A Encana Corp. well is pictured near Huerfano, south of Farmington. Encana has announced plans to release one of its two rigs in the San Juan Basin to cut
A Encana Corp. well is pictured near Huerfano, south of Farmington. Encana has announced plans to release one of its two rigs in the San Juan Basin to cut costs. (Daily Times file photo)

FARMINGTON — Encana Corp., the Canadian firm that has been at the forefront of exploring Mancos Shale oil production, plans to release one of its two rigs in the San Juan Basin to cut costs, a spokesman said.

"It's an Aztec (Well Servicing Co.) rig, and we'll be releasing it as of Aug. 1," said Encana's Doug Hock.

Encana Corp. has drilled at least 23 wells in the basin, and the company says results have been good. Encana will continue to lease one rig from Aztec Well to continue its drilling program in the basin, Hock said.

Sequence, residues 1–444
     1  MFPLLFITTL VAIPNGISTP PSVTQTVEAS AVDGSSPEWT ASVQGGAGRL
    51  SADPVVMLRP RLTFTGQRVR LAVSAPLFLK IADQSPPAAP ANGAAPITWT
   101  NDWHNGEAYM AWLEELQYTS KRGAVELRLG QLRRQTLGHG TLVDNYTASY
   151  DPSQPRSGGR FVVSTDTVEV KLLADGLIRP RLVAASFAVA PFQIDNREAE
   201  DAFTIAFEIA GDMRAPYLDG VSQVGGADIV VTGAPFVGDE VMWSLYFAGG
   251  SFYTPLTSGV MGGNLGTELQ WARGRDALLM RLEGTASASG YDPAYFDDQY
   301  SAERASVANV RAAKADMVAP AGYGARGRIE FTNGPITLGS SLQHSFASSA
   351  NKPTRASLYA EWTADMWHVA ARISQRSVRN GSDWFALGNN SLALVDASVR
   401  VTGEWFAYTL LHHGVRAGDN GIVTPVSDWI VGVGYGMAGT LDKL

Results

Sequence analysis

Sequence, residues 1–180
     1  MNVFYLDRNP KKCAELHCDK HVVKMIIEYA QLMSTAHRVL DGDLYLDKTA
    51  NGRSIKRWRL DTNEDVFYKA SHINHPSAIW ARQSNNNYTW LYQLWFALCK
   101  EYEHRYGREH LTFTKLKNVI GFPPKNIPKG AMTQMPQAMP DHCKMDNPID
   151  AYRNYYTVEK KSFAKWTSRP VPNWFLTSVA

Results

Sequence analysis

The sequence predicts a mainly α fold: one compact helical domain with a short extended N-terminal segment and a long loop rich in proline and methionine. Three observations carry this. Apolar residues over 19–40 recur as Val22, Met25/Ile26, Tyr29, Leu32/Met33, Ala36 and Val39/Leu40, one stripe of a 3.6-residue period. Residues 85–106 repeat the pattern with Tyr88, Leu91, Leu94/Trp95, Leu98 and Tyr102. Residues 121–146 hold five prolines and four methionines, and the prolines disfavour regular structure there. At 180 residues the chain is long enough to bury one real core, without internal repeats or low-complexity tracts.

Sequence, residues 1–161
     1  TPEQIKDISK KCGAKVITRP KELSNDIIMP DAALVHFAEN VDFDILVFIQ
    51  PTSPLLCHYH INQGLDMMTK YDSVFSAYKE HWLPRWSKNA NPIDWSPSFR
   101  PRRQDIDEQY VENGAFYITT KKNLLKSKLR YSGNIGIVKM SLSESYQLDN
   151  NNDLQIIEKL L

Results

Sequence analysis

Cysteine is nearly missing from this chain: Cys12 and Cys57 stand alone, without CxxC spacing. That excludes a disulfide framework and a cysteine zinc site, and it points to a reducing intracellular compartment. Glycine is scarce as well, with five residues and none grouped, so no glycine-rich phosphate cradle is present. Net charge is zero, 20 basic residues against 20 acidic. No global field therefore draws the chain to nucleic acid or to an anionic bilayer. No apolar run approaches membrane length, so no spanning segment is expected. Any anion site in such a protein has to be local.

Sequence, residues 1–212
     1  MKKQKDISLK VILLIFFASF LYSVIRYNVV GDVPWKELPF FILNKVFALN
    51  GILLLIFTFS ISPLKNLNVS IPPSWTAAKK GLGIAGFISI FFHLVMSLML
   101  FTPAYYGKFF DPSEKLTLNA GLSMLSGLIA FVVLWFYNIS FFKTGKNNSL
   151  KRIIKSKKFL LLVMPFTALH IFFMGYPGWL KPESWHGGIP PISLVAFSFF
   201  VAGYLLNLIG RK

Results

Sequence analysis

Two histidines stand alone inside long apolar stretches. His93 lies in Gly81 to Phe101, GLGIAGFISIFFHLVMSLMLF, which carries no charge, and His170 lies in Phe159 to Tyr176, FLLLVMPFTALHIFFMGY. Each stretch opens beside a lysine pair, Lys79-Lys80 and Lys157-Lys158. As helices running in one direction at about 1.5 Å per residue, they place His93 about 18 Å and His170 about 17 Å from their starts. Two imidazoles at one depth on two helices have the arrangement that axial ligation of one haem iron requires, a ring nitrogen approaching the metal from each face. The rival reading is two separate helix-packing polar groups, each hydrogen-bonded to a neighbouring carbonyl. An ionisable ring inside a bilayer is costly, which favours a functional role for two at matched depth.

"This is really a reflection of the fact we're trying to maintain or stay within the capital budget we set for 2013," he said.

The company will continue to drill in the basin, Hock added. "We intend to allocate capital and continue on next year," he said.

Encana, a publicly traded company, is due to release its second-quarter financial results Wednesday.

In April, Encana said it expects to spend about $100 million in the basin in 2013. The company is exploring for oil in the Mancos Shale, a geologic layer in the basin.

The decision is a blow to Aztec Well, one of the basin's largest employers.

Jason Sandel, executive vice president of Aztec Well, said Encana's move is another sign of slow business in the basin.

"The difficult times are here to stay in the San Juan Basin for a little while," he said.

Sandel expressed optimism the industry could turn around next year, particularly if natural gas prices improve.

"We're starting to think we'll see an upturn in the San Juan Basin around mid-year 2014, but that's a hopeful guess right now," he said.

ConocoPhillips in March announced it would suspend its San Juan Basin drilling program until prices rebound. The company is continuing to operate its 10,000 existing wells in the basin.

Natural gas production in northwest New Mexico is on track to decline for the seventh consecutive year, according to the state Oil Conservation Division.

Chuck Slothower covers business for The Daily Times. He can be reached at 505-564-4638 and cslothower@daily-times.com. Follow him @Dtchuck on Twitter.